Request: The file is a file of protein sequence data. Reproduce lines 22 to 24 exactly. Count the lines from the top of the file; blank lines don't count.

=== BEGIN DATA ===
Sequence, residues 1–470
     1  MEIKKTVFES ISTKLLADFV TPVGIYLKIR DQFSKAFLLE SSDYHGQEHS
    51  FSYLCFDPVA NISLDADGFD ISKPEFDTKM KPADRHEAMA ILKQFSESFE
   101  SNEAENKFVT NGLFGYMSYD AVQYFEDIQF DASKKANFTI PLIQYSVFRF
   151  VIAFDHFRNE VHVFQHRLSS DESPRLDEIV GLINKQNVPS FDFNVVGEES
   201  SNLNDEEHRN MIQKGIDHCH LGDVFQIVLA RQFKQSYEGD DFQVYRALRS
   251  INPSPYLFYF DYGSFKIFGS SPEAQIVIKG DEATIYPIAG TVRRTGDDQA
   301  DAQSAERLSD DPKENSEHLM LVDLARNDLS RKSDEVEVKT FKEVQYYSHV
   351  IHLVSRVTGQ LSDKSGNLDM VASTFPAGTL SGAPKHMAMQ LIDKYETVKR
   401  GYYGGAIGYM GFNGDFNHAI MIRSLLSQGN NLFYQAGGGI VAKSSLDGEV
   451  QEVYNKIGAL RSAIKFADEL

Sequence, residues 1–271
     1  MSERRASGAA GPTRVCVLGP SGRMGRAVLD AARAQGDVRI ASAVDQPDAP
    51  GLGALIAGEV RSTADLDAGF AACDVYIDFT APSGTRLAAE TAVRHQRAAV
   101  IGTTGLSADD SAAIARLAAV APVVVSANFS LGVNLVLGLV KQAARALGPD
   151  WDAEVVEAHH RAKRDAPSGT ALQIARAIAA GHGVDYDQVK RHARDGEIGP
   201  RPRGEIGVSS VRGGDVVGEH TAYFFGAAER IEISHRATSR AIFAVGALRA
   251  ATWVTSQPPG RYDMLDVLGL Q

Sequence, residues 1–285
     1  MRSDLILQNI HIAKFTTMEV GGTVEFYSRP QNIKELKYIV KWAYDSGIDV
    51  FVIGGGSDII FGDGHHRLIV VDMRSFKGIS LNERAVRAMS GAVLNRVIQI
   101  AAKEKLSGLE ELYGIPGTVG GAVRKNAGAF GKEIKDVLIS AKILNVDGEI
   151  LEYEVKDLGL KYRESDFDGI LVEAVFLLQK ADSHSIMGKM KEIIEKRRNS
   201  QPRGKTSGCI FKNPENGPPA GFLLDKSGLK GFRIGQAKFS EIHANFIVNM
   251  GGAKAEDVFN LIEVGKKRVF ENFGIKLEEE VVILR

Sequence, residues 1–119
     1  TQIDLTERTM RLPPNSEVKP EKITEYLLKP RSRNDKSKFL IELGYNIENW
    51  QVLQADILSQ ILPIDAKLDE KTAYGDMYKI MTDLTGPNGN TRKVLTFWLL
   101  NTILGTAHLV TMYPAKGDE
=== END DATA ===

   101  AAKEKLSGLE ELYGIPGTVG GAVRKNAGAF GKEIKDVLIS AKILNVDGEI
   151  LEYEVKDLGL KYRESDFDGI LVEAVFLLQK ADSHSIMGKM KEIIEKRRNS
   201  QPRGKTSGCI FKNPENGPPA GFLLDKSGLK GFRIGQAKFS EIHANFIVNM